MADRID, 9 Sep. (Portaltic/EP) –
The IT teams they have seen forced to compromise security in favor of continuity of the business at a time when the increase in threats is more than present, which has led to 91 percent feeling pressure to guarantee security.
HP has published its report ‘HP Wolf Security Rebellions & Rejections’, a comprehensive and comprehensive study that reveals the tension between IT teams and professionals working from home, something that those responsible for security must resolve to ensure the future of work, as stated from HP in a statement.
The report notes that Attempts to increase or update security measures in favor of professionals who carry out their activities remotely have often been rejected. This reality is striking in the case of future workers whose age is currently between 18 and 24, digital natives who feel increasingly frustrated by the fact that security gets in the way of their work, which sometimes leads to many to circumvent the controls.
76 percent of IT teams admit that security took a backseat faced with business continuity during the pandemic, according to the report, while 91 percent felt pressure to compromise security in favor of business continuity.
Almost half (48%) of the youngest workers (18-24 years) surveyed considered that security tools were an obstacle, leading a third (31%) to try to bypass company security policies to get their jobs done.
48 percent of workers surveyed agree that seemingly essential safety measures are a huge waste of time, rising to 64 percent among 18-24 year olds.
More than half (54%) of young people between 18 and 24 years old they were more concerned with meeting deadlines than exposing their organization to a data breach, while 39 percent were not sure what their safety policies said, or did not even know if their company had them, suggesting a growing level of apathy among younger workers.
As a result, 83 percent of IT teams believe that the rise in telecommuting has created a “time bomb” that could cause corporate network failures, according to the HP report.
“The fact that workers are actively circumventing safety should be a concern of any safety officer: this is how gaps can be born“, commented the general director of Personal Systems of HP, Pablo Ugarte.
The manager warns that “If security is too tedious, people will find a way around it“And for this reason, he defends that” it should fit as far as possible into existing patterns and workflows, with a technology that is discreet, safe by design and intuitive for the user. “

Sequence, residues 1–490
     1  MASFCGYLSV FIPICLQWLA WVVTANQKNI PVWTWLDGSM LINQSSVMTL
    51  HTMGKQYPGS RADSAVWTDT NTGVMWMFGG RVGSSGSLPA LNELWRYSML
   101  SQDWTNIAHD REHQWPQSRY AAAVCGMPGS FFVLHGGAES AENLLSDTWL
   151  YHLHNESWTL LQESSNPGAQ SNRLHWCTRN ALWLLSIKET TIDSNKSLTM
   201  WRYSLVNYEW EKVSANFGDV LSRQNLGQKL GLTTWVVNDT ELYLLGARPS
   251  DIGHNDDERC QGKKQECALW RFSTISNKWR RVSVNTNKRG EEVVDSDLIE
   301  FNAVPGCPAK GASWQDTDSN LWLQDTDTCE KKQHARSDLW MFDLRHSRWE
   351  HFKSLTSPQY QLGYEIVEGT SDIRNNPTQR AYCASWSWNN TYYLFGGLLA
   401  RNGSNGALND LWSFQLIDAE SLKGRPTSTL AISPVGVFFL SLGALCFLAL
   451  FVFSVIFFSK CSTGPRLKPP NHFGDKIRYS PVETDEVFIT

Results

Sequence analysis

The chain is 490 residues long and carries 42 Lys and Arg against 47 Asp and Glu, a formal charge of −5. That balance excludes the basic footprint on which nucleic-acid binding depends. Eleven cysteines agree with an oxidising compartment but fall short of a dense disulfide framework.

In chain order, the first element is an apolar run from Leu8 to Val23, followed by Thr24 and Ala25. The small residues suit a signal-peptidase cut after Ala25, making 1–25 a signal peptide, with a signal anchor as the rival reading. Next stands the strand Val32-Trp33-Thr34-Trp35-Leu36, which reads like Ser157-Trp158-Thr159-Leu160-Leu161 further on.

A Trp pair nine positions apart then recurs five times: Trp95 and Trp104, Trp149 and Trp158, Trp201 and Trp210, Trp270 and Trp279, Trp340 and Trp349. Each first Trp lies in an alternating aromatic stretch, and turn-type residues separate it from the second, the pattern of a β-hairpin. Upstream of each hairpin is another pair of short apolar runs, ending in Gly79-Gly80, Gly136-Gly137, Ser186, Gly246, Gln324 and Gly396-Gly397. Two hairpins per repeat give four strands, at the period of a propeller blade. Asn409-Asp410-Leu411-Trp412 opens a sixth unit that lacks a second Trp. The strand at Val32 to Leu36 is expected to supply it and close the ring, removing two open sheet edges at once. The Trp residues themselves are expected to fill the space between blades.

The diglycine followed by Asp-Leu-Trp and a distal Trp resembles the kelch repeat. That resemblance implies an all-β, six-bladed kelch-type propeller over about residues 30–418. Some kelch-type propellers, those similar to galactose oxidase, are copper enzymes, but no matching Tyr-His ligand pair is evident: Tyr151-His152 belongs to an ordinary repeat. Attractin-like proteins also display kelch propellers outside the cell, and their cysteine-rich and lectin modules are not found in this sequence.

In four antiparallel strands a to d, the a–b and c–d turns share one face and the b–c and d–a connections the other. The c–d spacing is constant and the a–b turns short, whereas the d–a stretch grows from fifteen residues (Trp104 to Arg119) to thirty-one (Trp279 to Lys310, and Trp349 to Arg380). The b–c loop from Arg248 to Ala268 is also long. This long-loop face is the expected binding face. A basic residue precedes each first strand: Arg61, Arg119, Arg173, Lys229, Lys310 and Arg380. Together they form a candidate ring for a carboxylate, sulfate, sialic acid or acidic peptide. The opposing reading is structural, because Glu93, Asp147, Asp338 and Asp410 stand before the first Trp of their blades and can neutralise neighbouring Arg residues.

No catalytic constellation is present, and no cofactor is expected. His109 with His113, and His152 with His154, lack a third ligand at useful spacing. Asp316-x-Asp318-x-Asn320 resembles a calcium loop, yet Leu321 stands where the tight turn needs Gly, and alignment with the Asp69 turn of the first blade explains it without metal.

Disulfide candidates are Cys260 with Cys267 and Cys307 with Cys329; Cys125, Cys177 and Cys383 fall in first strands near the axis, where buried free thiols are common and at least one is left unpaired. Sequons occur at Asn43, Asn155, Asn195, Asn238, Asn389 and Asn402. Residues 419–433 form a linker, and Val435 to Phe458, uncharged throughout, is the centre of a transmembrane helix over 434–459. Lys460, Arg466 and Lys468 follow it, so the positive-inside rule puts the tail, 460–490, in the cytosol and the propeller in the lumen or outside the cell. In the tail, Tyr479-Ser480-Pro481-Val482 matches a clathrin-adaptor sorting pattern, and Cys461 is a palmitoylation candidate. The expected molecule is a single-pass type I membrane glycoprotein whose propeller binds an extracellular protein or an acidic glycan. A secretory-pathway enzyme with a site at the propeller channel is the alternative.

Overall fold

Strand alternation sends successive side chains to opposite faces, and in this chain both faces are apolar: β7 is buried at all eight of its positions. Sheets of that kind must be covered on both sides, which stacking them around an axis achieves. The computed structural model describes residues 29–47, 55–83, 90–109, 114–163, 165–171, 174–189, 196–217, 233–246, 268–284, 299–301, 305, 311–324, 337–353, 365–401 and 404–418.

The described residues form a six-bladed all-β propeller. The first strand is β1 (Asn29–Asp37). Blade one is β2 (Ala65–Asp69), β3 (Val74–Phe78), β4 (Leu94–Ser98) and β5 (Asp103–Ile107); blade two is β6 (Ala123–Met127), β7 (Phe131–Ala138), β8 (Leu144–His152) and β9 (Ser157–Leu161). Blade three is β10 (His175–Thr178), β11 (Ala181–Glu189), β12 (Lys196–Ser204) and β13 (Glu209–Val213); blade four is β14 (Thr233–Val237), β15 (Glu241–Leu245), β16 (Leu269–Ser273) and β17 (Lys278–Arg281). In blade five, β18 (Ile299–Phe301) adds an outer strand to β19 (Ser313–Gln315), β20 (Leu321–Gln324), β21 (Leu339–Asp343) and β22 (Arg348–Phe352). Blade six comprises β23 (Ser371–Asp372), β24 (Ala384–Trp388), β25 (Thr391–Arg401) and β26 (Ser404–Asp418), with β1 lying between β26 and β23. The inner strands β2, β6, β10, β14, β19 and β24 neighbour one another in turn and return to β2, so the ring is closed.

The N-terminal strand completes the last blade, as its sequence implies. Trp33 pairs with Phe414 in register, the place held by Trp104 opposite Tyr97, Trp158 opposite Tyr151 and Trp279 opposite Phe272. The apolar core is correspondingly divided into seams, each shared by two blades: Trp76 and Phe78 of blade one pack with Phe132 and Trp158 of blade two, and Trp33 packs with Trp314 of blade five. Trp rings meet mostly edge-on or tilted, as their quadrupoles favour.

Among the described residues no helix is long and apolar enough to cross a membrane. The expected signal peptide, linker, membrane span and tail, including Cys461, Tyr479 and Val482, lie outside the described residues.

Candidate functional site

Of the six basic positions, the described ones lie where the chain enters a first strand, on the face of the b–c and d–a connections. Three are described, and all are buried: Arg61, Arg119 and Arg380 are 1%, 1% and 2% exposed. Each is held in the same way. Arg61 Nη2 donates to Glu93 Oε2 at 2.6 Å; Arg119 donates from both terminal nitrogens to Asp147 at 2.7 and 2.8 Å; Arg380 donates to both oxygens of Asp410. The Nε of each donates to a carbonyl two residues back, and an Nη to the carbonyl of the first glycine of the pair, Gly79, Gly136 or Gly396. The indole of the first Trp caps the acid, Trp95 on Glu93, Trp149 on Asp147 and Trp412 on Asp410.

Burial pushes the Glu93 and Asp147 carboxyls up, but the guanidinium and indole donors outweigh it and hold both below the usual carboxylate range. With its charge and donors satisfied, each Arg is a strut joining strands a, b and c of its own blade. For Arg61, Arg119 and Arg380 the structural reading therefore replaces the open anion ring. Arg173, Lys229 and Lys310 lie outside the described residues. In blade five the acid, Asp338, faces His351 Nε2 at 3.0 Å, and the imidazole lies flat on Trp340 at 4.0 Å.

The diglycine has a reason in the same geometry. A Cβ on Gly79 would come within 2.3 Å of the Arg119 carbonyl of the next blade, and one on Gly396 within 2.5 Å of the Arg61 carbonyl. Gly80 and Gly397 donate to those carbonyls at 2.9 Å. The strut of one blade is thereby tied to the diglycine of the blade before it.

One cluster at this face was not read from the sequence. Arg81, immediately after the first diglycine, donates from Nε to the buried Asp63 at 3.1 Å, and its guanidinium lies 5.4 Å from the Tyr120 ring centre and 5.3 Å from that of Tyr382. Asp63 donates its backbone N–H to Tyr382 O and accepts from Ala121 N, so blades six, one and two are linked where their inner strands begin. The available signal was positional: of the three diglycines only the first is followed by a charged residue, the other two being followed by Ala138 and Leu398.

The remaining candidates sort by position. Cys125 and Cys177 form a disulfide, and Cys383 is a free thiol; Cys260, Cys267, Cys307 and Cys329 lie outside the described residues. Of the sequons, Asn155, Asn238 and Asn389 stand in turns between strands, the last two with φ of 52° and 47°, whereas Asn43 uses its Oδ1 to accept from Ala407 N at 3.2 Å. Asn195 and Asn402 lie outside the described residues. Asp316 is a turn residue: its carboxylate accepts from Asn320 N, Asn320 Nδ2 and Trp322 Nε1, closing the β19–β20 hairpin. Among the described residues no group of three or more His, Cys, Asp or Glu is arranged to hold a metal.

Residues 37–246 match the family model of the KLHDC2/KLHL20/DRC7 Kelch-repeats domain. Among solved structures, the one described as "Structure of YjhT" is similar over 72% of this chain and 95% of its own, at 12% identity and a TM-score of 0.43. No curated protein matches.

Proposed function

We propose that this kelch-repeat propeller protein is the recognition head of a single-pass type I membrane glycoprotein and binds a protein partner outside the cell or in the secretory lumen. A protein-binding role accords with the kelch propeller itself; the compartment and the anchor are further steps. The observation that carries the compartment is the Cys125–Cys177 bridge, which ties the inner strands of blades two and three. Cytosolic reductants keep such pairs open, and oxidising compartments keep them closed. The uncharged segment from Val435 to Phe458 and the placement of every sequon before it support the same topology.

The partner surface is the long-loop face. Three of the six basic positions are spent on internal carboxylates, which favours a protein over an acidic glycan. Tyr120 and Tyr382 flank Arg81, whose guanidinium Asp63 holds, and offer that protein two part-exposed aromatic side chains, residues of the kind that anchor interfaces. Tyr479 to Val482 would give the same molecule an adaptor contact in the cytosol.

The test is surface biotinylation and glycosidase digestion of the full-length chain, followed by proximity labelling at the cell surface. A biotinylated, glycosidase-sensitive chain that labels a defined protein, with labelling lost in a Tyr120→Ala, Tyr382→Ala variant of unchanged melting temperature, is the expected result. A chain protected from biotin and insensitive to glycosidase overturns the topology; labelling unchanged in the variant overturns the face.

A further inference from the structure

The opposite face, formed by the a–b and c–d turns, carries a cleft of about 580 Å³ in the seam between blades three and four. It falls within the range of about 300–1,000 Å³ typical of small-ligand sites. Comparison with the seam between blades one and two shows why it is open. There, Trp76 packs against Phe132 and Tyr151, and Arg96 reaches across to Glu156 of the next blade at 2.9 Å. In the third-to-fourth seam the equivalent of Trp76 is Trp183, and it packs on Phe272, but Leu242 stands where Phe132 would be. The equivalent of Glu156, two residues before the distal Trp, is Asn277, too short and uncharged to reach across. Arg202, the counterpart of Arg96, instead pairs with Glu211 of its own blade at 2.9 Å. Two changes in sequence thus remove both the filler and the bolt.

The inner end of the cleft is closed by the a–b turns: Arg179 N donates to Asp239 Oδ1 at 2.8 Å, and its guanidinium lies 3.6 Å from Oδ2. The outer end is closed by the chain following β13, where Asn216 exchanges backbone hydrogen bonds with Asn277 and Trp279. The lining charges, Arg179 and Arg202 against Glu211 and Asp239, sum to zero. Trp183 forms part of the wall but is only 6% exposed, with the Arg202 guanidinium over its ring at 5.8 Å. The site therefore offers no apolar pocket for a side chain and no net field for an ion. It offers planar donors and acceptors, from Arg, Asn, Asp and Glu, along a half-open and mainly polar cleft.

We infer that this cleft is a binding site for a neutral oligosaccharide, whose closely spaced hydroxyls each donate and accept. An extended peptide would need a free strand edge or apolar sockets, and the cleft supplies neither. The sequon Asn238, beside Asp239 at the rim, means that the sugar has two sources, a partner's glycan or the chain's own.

The report highlights that many security teams have gone to great lengths to curb user behavior in order to keep data safe. 91 percent have updated security policies to take into account the increase in work from home, while 78 percent have restricted access to websites and applications.
However, these controls are often create friction for users, who resent and put pressure on the IT department, which leaves security teams feeling dejected and rejected. In this context, 37 percent of the workers surveyed stated that security policies and technologies are often too restrictive.
80 percent of IT teams experience the reaction of those users who do not like to have controls imposed on them at home, while 67 percent say they receive complaints about it on a weekly basis.
83 percent of IT teams said attempting to establish and enforce corporate policies around cybersecurity is impossible now that the lines between personal and professional life are so blurred. For 80 percent computer security was becoming a “thankless task” as no one was listening to them.
“CISOs are facing increasing volume, speed and severity of attacks,” as HP’s Chief Information Security Officer Joanna Burkey has pointed out. However, he believes that “cybersecurity teams should no longer carry the burden of securing the business solely on their shoulders” since cybersecurity is “a comprehensive discipline in which everyone must participate. “